Rose-coloured Glasses

2014.02.04_rosy copyTo look at life through “rose-coloured glasses” means to see things as better than they really are, or to think that things are more pleasant than they actually are. It has a negative connotation, as if the person with the rose-coloured glasses is avoiding an unpleasant reality. However, I actually think that we all need a bit more rose-tinting in our outlook on life.

At dawn this morning I took my dogs for a walk, relishing the cool morning air, bracing for another scorcher of a day. And as the sun rose, everything was suddenly bathed with deep pink light – the trees glowed pink, the black fur of the dogs reflected pink highlights, the leaves on the hot dry earth shone pink, my skin had a rosy glow. Everything was awash in warm surreal pink. It was as if I was looking at the whole world through rose-coloured glasses – and it was just so intensely beautiful. Yet it was real; there wasn’t anything unpleasant that was being avoided or a reality that was being ignored. Instead, I was bearing witness to a spectacular show put on by Nature and I was fully immersed in a world of ‘pinkness’. Not only was I seeing everything as rosy, I felt that I could smell, taste, feel and hear PINK.¬†And I just laughed because it made me feel so happy! I laughed in the way that child spontaneously laughs – with joyful delight in a sudden magical moment.

The pink light, though, was fleeting. As quickly as it appeared, it disappeared and the world of familiar green trees, black dogs and grey sand returned. But what didn’t disappear was the sense of awe and euphoria I felt, which stayed with me. I remained in a rosy glow, as I continued with the humdrum of doing my daily chores, still seeing the world not as actually bathed in pink, but as being imbued with some new quality. After experiencing the intense sensual immersion of the dawn, I became aware of the colours of everything I was engaging with – everything seemed edged with a radiant glow. Of course, my everyday world was in no way changed in itself; instead, it was the keen awareness I now seemed to have of the way light reflected off the surface of things and into my eye. In the aftermath of the pinkness, everything seemed more vibrant and alive.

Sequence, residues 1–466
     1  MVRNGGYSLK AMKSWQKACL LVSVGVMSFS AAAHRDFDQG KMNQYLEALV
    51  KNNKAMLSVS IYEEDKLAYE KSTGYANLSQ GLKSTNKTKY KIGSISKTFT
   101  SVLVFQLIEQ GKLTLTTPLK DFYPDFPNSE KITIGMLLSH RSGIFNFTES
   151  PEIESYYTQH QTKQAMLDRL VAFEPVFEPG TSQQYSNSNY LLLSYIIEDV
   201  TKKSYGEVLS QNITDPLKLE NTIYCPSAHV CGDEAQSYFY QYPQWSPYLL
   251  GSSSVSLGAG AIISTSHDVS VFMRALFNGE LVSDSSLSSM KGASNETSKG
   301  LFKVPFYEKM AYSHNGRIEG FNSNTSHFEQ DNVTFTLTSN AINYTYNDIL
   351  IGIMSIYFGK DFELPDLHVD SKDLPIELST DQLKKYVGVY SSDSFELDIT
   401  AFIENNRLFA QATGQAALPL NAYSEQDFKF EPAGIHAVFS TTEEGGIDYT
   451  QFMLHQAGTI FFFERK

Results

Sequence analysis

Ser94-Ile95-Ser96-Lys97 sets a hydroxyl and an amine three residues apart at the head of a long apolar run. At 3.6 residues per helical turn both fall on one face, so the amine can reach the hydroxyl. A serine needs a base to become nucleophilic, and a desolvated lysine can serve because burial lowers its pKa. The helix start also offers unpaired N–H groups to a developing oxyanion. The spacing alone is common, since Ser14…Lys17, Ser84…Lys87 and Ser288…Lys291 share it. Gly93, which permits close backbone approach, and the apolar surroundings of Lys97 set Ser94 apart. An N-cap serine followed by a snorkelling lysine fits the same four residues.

I believe that a spiritual path is an engagement with beauty; spiritual practice is an awakening to beauty. In our media-driven bracing-for-the-next-crisis world it becomes harder to connect to the profound and awe-filled beauty that is all around us, waiting to be experienced at any moment. After all, I think it is significant that the Buddha experienced his awakening whilst outside, sitting under a beautiful tree. As well as encouraging you to take a walk at dawn and experience this awakening of the day in its glorious light and birdsong, I think we should all try wearing rose-coloured glasses more often, not to escape the unpleasant realities of life, but to see into its beauty and hold that in our hearts so that as we do confront head-on the difficulties of living, we can do so with images of beauty in our minds. Even in the midst of the fray, we can experience joy by simply remembering to ‘see’ what is also present that is uplifting. So, today I am sending you all blessings bathed in pink and a wish for you to awaken to beauty and to see the rosy glow in the world around you – look up from the computer, look out the window – what do you see?

Dreaming Chamber by Karen Casey